Or ate them.
It's just the way we are.
Be careful whom you call a Neanderthal. You may be one yourself. Or at least you may have Neanderthal ancestors.
That's the conclusion of a study being released Thursday that examined DNA extracted from Neanderthal bones more than 35,000 years old.
More Than A Handshake?
There's little question that modern humans and Neanderthals bumped into each other once upon a time.
"The archaeological record shows they overlapped between about 30,000 and 80,000 years ago," says David Reich, a geneticist at Harvard Medical School.
There was some fossil evidence that they may have done more than shake hands in passing, but the initial genetic evidence suggested otherwise.
"And so the big open question was whether they exchanged genes during that time when they overlapped in the Middle East and in Europe," he says.
To find out whether the two human species interbred, scientists from the Max Planck Institute for Evolutionary Anthropology in Leipzig, Germany, launched an audacious effort to sequence all 3 billion letters of Neanderthal DNA. As hard as it may be to believe, fragments of DNA can survive in bones that are more than 30,000 years old. New techniques can sequence those fragments, and new software can line the fragments up.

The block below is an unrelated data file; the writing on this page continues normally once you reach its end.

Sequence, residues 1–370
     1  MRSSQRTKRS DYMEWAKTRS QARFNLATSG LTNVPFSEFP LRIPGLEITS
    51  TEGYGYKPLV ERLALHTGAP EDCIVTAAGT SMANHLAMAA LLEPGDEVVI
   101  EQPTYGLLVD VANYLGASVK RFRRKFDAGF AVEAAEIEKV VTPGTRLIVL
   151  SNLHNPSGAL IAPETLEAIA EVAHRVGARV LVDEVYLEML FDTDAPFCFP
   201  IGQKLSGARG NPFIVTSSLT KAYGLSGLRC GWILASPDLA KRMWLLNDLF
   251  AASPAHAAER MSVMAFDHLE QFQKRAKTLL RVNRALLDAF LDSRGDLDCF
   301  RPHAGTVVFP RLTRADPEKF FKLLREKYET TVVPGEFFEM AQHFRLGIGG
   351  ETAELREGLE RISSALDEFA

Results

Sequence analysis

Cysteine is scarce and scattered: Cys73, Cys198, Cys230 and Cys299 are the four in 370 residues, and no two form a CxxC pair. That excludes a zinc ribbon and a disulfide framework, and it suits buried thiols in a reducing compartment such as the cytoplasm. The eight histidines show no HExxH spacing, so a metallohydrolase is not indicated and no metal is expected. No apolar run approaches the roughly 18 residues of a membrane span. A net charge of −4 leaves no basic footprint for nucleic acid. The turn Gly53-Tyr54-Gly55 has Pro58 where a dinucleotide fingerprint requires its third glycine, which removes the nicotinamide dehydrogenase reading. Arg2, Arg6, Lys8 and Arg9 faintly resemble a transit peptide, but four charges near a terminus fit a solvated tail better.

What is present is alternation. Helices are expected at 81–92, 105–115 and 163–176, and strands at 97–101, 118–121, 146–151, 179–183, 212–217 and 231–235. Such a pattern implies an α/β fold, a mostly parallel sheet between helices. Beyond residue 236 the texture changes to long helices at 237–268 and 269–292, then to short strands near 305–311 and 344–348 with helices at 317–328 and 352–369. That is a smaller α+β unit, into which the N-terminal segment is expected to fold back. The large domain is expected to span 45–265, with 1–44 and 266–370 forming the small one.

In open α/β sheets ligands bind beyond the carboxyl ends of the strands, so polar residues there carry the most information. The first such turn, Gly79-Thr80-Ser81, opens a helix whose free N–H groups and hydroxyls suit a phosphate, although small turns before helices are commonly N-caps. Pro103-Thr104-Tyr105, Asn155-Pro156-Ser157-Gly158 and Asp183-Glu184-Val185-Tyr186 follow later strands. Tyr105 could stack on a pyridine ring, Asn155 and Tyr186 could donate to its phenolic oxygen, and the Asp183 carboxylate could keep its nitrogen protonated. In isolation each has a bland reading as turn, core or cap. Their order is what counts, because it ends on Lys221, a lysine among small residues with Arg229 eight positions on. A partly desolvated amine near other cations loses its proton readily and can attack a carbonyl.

The main strategy for finding whether modern humans and Neanderthals exchanged genes was to compare the Neanderthal DNA with DNA from modern humans — some whose ancestors had remained in Africa, and others who had migrated to Europe, Asia and the New World. If the Neanderthal DNA was more similar to the non-African DNA, it would indicate that Neanderthals contributed their genes after the first modern humans migrated out of Africa.
Reich says that's what they found.
"The non-African is more closely related to the Neanderthal," Reich says. "Quite definitely. Highly statistically significantly overwhelming evidence that they're more closely related on average to Neanderthals."
In other words, Reich and his Leipzig co-authors are totally sure that Neanderthal genes found their way into modern humans when the two species intersected. They report their findings in the journal Science.
"The simplest possible explanation is that it occurred once," Reich says. "But it very easily could have occurred on multiple occasions. Perhaps it's likely that it occurred on multiple occasions."
Reich says it's hard to pin down exactly how much DNA Neanderthals contributed to modern humans. Reich says it's hard to pin down exactly how much DNA Neanderthals contributed to modern humans. "We estimate about 1 to 4 percent of the genetic ancestry of non-Africans is from Neanderthals," he says.